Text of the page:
Pelé’s biggest legacy was growing soccer in this country

Pele, who died Thursday at age 82, will be remembered for a great many things. His legacy, however, will forever include growing the sport in the United States. 

Pelé will be remembered for a great many things. He helped Brazil win three World Cup titles. He scored many beautiful goals. In the process, he became a global icon.

Pele died on Thursday at age 82 following a bout with cancer. Throughout much of the latter part of the 20th century, the Brazilian soccer star rivaled only Muhammad Ali as the most recognizable international athlete of his era.

For soccer fans in the United States, Pelé will forever be remembered for signing with the New York Cosmos in 1975 and helping grow the game in a country where, at the time, soccer had struggled to take a foothold.

Pelé played for the Cosmos for three seasons, capping off his time in the North American Soccer League with a championship in 1977.

Decades later, his time in New York remains his biggest legacy. The United States would go on to host the 1994 World Cup, which spurred the creation of MLS. None of those things would have been possible if not for Pele.

Pele was a soccer ambassador for the United States

The Brazilian legend became the game’s biggest ambassador. Even decades later, Pele would be a regular at soccer games in the United States. Whenever there was a need to link the present to the past, Pele was there to do just that and delighting fans in the process.

Pele retired following the 1974 season, his 19th with Brazilian club Santos. A year later, he came out of retirement to sign with the Cosmos.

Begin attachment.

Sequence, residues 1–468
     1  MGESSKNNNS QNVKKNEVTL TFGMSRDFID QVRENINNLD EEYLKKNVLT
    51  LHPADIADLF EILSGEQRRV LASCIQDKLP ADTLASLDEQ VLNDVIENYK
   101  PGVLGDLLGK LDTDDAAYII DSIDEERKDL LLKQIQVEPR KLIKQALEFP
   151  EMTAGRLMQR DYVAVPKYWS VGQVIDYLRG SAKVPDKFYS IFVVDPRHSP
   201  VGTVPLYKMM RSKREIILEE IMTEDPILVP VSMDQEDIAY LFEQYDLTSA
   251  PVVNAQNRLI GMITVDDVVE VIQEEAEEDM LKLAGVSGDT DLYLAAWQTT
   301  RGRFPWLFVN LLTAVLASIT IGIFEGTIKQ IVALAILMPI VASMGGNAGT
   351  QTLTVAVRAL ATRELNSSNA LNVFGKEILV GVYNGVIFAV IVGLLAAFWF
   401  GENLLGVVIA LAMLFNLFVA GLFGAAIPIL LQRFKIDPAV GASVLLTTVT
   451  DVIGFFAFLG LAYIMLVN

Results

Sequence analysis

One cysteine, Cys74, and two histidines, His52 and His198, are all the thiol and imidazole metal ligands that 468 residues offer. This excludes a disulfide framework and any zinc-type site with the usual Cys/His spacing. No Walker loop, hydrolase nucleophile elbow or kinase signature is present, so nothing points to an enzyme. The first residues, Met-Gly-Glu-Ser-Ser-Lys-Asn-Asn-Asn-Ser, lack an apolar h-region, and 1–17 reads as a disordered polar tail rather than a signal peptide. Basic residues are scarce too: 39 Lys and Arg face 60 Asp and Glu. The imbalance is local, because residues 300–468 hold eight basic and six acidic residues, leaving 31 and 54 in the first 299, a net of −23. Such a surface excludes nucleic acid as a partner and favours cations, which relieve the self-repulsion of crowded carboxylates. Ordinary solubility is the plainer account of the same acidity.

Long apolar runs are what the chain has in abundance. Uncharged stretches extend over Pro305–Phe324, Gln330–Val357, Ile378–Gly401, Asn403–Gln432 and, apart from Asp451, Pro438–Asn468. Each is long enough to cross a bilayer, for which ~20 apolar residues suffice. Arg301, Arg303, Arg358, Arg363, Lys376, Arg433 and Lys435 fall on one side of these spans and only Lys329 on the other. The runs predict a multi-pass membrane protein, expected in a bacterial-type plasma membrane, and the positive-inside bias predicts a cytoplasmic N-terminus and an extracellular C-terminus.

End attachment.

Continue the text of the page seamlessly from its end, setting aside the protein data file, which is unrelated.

At his first news conference at New York’s 21 Club, Cosmos spokesman John O’Reilly told reporters, “We had superstars in the United States but nothing at the level of Pele. Everyone wanted to touch him, shake his hand, get a photo with him.”

It was the start of a love affair between Pele and the United States that would endure time. He led the Cosmos to the 1977 Soccer Bowl in his third, and final season, with the team.

When I interviewed Pele in 2007, he fondly reminisced about his time with the Cosmos.

“When I came, soccer here was in its early stages,” he recalled. “No one played soccer except in college. It was very hard work to get those 70,000 people to come to Giants Stadium to watch us. It was beautiful. It was a great time.”

On Oct. 1, Pelé officially ended his playing career with a friendly match at Giants Stadium between the Cosmos and his beloved Santos. Pele played the first half with the Cosmos (where he scored a goal) and the second with Santos. The Cosmos won 2-1 before a sellout crowd of 76,000.

“I die a little bit today,” Pelé told reporters after the game. “Now I am born again to another life. You see, I stop playing soccer because I want to stop, and that is important.”

We all died a little bit inside on Thursday following the news of Pele’s death. Long live the king of soccer. He’s a big reason why soccer is so popular today in this country.

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